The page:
Catcher’s Mitt keeps hands dry, clean

Retractable cord, optional pliers make removing fish fast and slime-free

The old adage says necessity is the mother of invention, and in the case of Mark Cartwright, copious amounts of redfish and speckled trout slime led to his creation of the Catcher’s Mitt — designed to keep your hands dry, clean and cut-free while out on the water unhooking fish.

“Several years ago, my best friend had the best fishing spot in the world. It’s a big camp on Big Lake on a weir. If you’ve ever been to Big Lake, you’ve probably seen it on the south end,” said Cartwright, of Baton Rouge. “In that weir, sometimes the redfish were so thick you could practically walk across them. He’d invite friends and business associates, and he had lights, so people would fish all day and night.

“We were constantly handling fish, and we’d use pliers and rags. I said, ‘There’s got to be an easier way than this.’ So I started working on something you could handle fish with, and it grew from that.”

His first prototype was created about four years ago, and now the Catcher’s Mitt is available in three distinct models. For each, a poly-cotton shell is coated inside and out with latex rubber, and the outside of the mitt has a crinkled rubber finish for superior gripping ability.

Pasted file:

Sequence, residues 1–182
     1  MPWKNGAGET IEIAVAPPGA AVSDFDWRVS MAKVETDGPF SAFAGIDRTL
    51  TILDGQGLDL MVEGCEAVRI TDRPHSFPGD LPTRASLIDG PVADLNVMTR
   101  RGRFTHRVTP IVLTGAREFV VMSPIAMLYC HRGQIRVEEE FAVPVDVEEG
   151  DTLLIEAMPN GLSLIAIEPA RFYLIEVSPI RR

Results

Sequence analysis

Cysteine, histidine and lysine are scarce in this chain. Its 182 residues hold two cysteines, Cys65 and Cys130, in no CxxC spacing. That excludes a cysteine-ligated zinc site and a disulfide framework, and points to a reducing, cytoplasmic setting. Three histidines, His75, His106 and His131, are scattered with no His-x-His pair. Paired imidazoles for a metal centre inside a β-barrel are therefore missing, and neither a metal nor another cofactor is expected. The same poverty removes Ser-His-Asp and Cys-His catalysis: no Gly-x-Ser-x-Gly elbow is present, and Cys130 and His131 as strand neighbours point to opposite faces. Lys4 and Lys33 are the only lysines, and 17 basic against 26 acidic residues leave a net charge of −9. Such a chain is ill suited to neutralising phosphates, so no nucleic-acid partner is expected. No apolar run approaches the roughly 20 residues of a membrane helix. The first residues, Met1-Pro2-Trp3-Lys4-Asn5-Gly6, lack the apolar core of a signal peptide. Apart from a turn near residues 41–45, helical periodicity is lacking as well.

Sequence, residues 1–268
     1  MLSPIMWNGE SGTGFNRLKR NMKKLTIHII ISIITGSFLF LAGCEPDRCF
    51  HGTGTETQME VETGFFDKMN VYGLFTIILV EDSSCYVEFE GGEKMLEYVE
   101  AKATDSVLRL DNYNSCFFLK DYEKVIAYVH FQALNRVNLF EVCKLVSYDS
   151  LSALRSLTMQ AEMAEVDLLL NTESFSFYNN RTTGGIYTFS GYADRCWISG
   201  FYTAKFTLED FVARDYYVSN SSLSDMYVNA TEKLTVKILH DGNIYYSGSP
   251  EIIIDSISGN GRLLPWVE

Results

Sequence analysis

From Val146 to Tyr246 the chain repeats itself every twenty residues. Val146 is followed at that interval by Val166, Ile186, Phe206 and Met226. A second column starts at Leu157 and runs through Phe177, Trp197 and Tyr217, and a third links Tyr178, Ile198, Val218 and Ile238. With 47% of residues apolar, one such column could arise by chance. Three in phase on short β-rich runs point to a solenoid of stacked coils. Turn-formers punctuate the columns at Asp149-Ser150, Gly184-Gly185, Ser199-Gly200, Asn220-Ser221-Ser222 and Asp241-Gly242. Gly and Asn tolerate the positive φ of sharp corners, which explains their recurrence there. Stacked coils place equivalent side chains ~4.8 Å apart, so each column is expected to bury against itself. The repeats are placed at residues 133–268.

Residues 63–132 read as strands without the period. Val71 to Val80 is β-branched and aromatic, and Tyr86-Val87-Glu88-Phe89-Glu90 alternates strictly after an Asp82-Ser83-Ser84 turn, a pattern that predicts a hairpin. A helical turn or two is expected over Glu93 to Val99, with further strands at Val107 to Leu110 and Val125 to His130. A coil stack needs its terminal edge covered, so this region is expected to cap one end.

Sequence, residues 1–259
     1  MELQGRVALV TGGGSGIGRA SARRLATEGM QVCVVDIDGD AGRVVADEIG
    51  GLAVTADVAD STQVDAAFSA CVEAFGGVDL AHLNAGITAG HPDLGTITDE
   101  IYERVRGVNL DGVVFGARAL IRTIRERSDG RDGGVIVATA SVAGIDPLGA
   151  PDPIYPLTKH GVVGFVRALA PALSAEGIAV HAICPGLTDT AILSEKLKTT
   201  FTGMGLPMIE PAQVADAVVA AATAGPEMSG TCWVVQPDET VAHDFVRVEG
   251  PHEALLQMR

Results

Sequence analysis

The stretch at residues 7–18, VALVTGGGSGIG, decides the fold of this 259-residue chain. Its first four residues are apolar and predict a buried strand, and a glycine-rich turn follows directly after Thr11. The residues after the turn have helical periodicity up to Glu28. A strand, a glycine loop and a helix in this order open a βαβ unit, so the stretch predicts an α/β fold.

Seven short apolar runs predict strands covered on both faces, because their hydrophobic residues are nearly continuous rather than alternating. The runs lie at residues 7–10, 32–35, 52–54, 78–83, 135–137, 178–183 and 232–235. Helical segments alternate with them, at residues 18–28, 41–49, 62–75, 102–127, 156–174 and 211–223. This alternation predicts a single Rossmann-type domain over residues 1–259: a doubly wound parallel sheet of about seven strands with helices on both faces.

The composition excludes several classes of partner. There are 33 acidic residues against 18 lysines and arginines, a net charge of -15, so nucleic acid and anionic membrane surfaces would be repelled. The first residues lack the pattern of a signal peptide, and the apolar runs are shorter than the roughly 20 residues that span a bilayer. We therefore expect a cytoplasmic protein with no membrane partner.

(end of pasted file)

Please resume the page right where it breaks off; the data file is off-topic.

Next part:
The main version is the Rookie, which retails for $39.99 and includes a sheath with a coil bungee connected to fishing pliers. A reel with a retractable cord connected to the mitt is attached to the sheath, and a towel to keep your pants clean is included.

“The Catcher’s Mitt has a J-Clip on the sheath which will go over a belt or over a waistband, so you don’t actually have to have a belt to wear it,” Cartwright said.  “And the towel helps keep slime and blood from transferring to your pants. One side of the towel is vinyl, the other is microfiber.”

The Surf & Kayak model, made for wet conditions, doesn’t come with a towel, and the mitt has built-in grommets in the fingertips for easy drainage. That version sells for $37.99, but Cartwright cautioned it’s not as effective for cleaning fish because of the grommet holes in the fingers of the mitt.

“You reach in to get a fish out of the ice chest and guess what? You have cold, slimy water in the mitt,” he said. “But the models without grommets are very good for cleaning fish and shucking oysters.”

The final model is the Prospect, which features the reel and mitt plus a towel, but no pliers. It retails for $24.99.

Both the Prospect and Rookie models come in a pink-trimmed ladies’ design, as well. Left and right hand options are available for all models except the Surf & Kayak.

“The mitt is one size fits most,” Cartwright explained. “It doesn’t really matter if it’s a little big because the tension of the reel keeps it snug to your hand.”

Currently, there are about 13 dealers statewide, including Superior Bait and Tackle in Baton Rouge, Chag’s and Puglia’s in Metairie, Gus’ Tackle and Rigolets Marina in Slidell and TYD’s Bait and Tackle and Top Water Marina in Leeville.

For more information, or to purchase the Catcher’s Mitt online, go to

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Patrick Bonin is the former editor of Louisiana Sportsman magazine and